Philips Mounts Assault on Dead BatteriesStuart Elliot / New York Times
One of the best lines in "Auntie Mame" was an insult aimed at a society girl who was accused of having "the I.Q. of a dead flashlight battery." Flashlights are not discussed much these days, but dead batteries certainly are –- at least those found in cellphones.
The difficulties encountered by phone owners to insure that their batteries are charged are the subject of a humorous campaign for a new product, the ChargeOn line of wire-free portable chargers sold by thePhilips Consumer Lifestyle division of Royal Philips Electronics.
The campaign, now under way, is centered on a microsite named for a make-believe malady that, Philips promises, ChargeOn will cure: "dead battery anxiety." Although the condition is not real, according to the fine print on the home page of the microsite, the campaign pretends otherwise.
"Don't let it drain you," visitors to the Web site are warned. "Together, we can beat this!"
The campaign, which also has a presence in social media like Facebook and Twitter, is the brainchild of Slant Media in Charleston, S.C. Slant began working for Philips after Philips acquired a Slant client, Digital Lifestyle Outfitters, the maker of accessories for devices like iPhones and iPods.
The budget for the campaign is estimated at $250,000 through the end of the year. Plans call for an investment of $1 million for 2011.
The campaign is a hybrid of two types of pitches that are increasingly popular among marketers. One type is the parody of pharmaceutical commercials, spoofing their downbeat litany of woeful symptoms, perky claims of quick cures –- and lengthy cautions of side effects.
The other type is the campaign that uses a microsite infused with catchy, colorful –- and sometimes, controversial –- content to draw attention in a crowded, cluttered marketplace.
Philips is well-known for such "viral" campaigns, having sponsored one of the most successful, the "Shave everywhere" Web initiative for the Philips Norelco Bodygroom shaver.
"We've done some irreverent things," says Kit Hughes, creative director at the Charleston office of Philips Consumer Lifestyle, so the company was amenable to a campaign that focuses on a tongue-in-cheek syndrome and the "almost prescriptive product to help cure it."
"The original pitch was from another agency to do a concept of 'battery dying anxiety,' " Mr. Hughes recalls, which would have been centered on a spokesman for an imaginary foundation that was seeking ways to treat the problem.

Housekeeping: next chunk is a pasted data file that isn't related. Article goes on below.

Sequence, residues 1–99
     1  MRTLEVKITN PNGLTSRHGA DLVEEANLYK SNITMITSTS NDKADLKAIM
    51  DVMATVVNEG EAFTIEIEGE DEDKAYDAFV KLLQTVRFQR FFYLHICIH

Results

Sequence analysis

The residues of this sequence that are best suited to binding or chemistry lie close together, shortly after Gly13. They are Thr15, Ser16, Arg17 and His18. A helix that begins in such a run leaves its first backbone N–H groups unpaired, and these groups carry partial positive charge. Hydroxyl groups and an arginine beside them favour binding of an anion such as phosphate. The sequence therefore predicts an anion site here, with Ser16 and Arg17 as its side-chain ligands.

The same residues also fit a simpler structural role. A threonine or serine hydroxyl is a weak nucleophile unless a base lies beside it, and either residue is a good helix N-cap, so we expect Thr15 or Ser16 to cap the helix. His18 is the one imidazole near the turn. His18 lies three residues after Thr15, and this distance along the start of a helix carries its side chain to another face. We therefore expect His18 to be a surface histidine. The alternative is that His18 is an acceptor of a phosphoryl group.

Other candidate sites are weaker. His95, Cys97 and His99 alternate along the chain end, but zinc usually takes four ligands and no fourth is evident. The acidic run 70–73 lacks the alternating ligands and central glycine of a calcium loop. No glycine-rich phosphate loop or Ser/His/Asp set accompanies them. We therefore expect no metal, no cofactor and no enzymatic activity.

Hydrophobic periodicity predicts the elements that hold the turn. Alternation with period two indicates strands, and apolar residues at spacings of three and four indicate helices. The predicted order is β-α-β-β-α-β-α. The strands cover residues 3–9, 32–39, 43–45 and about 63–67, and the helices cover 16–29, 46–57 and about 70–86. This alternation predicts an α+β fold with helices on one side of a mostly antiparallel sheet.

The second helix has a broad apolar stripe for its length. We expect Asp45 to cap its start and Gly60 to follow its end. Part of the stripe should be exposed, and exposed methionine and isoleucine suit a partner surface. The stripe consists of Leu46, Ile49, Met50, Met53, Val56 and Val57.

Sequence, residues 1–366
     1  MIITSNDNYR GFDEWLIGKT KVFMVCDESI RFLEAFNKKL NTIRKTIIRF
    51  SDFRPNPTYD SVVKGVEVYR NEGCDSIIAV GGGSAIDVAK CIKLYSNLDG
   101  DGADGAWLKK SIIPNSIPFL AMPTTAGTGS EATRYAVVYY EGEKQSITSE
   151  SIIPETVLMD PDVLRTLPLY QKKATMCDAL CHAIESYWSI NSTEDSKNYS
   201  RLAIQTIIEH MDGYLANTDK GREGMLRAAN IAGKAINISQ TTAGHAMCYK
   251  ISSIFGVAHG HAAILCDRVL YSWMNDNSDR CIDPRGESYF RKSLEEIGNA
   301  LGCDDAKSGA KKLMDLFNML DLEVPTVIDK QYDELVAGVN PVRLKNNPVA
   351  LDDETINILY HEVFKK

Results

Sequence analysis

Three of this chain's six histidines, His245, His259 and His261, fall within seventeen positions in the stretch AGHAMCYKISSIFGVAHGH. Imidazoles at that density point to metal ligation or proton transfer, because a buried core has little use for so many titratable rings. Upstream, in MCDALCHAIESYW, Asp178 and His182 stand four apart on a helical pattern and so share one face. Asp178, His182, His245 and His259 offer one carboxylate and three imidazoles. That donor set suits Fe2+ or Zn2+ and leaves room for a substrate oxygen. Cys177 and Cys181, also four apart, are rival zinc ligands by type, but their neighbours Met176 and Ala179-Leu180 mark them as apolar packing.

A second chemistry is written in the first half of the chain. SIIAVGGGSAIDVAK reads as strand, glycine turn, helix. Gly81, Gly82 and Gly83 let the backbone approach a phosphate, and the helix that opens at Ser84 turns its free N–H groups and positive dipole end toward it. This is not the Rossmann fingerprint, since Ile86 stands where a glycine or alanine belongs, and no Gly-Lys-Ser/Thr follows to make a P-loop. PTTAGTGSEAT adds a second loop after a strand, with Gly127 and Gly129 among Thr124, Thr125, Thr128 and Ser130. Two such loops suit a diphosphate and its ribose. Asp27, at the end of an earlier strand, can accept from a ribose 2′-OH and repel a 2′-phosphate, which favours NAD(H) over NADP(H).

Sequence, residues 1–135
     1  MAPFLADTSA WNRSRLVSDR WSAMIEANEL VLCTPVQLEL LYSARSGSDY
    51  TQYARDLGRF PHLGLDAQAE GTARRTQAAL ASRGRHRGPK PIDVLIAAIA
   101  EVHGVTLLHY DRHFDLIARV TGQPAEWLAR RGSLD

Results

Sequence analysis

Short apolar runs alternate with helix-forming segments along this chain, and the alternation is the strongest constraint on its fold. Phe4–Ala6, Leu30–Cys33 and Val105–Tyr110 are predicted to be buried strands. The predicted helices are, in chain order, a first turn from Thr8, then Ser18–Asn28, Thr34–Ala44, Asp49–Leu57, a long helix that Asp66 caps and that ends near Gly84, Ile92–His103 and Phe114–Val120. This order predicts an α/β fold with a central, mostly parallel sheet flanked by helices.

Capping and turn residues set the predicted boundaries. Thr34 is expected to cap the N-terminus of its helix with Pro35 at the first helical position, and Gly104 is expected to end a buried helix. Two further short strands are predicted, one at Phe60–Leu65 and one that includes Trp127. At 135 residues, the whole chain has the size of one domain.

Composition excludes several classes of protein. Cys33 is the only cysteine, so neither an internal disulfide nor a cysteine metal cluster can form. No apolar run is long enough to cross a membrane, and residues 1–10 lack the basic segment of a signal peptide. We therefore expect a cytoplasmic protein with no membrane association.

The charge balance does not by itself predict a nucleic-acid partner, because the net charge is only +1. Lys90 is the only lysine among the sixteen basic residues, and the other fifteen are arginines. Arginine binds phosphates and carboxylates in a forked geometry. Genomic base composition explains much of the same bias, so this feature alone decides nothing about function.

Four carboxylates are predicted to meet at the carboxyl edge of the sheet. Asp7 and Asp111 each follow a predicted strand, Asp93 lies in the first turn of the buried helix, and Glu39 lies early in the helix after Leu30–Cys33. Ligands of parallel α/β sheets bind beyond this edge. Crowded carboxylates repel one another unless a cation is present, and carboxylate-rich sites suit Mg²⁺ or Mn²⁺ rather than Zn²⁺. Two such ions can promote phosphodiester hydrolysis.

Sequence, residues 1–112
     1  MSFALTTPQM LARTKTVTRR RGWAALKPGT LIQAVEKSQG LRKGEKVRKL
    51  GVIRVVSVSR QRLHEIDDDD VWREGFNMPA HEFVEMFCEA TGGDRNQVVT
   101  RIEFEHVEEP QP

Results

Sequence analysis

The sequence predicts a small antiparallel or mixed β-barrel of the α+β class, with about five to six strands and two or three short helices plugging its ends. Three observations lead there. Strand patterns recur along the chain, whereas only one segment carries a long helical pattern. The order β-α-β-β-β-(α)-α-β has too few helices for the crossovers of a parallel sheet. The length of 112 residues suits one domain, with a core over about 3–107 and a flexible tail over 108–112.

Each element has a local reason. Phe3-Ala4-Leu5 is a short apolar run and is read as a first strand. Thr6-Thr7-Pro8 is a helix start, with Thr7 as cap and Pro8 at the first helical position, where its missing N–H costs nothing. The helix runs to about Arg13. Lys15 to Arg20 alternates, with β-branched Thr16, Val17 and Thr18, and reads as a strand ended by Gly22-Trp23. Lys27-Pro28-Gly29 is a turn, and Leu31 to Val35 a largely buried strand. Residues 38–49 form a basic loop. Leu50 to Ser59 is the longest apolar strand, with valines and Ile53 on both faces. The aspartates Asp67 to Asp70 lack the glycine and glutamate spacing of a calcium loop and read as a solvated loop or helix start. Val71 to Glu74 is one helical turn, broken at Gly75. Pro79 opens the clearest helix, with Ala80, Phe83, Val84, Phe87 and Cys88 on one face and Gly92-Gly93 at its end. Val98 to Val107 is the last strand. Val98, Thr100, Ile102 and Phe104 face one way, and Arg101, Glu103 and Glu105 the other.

"It wasn't hitting the mark," he says. "It was just too much." So Philips turned to Slant, which reworked the concept into "dead battery anxiety" and jettisoned the more elaborate elements.
That is in keeping with the Philips brand philosophy of "Sense and simplicity," says Shannon Doyle, senior marketing manager for MP3 and mobile phone accessories at the Stamford, Conn., office of Philips Consumer Lifestyle.
The category in which ChargeOn competes "is growing by leaps and bounds," Ms. Doyle says. Rivals include Powermat and products sold under the Duracell and Energizer brands.
Research found that consumers "worry about power" constantly, she adds, as their increasingly sophisticated phones become "mini-computers" and keep "draining batteries."
The campaign speaks to "the anxiety we all have," Ms. Doyle says, and does so "where the consumers are," because they are using their phones to visit Web sites and go on Facebook and Twitter.
Her colleague, Nico Riggio, who is vice president for accessories and audio-video media in North America at Philips Consumer Lifestyle in Stamford, echoes Ms. Doyle.
"We want to put this campaign in the online world," Mr. Riggio says, because "we don't think our consumers are looking at" traditional media like television and print.
"We love the campaign," he adds. "The proposition is right for the consumer." He recounts how he has already heard people saying, "'I had D.B.A. last night.' "